“Let us say this in no uncertain terms: while the person sitting in the oval office may have changed from Trump to Biden, this type of xenophobic policy-making is merely a revolving door of what we have seen over the last four years,” said Jonathan Goldman, Executive Director of the Student Clinic for Immigrant Justice. “DHS, Biden, Secretary Mayorkas, whoever it is, can change the laws all they want but one thing remains the same: people seeking asylum are not a threat, people seeking to be reunited with their families are not a threat, immigrants are not a threat, period. If even a small percentage of the thought that goes into coming up with these harmful policies went towards thinking about how we could be helping families versus hurting them, we would have a stronger, healthier, happier, and safer country.”
“Following the horrific mistreatment of Haitian migrants at the border this past month, we are especially appalled to see the Biden administration’s DHS label migrants who attempt to cross the border outside of ports of entry as ‘threats to border security.’ With Title 42 in place, asylum seekers have virtually no other way to enter the country, and these false labels further perpetuate the cruel treatment of migrants at the border. Lip service condemning the heinous treatment of migrants at the border will never be enough; the Biden administration must take decisive action to put an end to these harmful labels and restore access to asylum,” said Sirine Shebaya, Executive Director of the National Immigration Project.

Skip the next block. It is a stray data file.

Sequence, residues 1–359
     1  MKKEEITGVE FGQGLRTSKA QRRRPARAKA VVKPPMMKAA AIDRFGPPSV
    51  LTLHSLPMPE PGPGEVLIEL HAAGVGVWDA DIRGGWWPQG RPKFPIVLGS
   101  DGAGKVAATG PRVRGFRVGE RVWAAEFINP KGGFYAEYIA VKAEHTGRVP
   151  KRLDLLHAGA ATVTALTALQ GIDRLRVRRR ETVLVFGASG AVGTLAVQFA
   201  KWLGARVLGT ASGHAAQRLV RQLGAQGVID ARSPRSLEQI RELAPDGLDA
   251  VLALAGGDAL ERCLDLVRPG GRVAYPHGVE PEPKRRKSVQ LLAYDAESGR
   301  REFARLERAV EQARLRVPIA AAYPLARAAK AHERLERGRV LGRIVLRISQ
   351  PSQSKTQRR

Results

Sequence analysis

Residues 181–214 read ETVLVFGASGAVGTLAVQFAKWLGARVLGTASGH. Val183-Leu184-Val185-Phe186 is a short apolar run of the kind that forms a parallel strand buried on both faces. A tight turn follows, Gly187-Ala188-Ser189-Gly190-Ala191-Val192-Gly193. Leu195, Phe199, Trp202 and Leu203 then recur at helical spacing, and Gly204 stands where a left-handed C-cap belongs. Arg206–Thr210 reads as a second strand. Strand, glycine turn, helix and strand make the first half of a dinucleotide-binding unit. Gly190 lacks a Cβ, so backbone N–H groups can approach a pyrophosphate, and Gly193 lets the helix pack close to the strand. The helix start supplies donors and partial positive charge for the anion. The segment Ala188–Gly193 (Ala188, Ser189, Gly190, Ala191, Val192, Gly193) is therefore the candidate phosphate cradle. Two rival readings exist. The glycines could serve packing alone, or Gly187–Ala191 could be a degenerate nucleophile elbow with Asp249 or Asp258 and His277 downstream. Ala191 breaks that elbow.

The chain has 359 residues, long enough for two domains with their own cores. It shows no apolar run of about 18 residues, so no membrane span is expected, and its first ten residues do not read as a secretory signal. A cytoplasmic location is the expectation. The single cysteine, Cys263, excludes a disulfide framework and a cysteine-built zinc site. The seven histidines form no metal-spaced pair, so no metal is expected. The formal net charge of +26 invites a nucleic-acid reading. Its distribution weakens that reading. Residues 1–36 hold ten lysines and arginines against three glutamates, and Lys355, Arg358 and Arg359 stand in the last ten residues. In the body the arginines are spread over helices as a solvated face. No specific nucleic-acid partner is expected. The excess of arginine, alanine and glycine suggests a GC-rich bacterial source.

“Women’s Refugee Commission is deeply disappointed to see people legally seeking asylum once again targeted as a top enforcement priority in the U.S. immigration system,” said Katharina Obser, director for Migrant Rights and Justice at the Women’s Refugee Commission. “Seeking asylum is a legal and human right, and yet the administration has continued to make it almost impossible for those coming to ports of entry. At a time when the administration should be reversing course on deeply harmful anti-asylum policies, these new enforcement priorities will – like similar ones that preceded it – instead punish asylum seekers simply for having fled violence or harm and sought safety at the U.S. border.”
“By prioritizing recent border-crossers for enforcement without addressing the shutdown of asylum at our border, the Department of Homeland Security effectively prioritizes deporting some of the most vulnerable,” said Andrew Geibel, Policy Counsel at HIAS. “We welcome the use of prosecutorial discretion, but until the right to seek asylum at the border is fully restored, DHS’ approach will undermine the right of people to seek asylum.”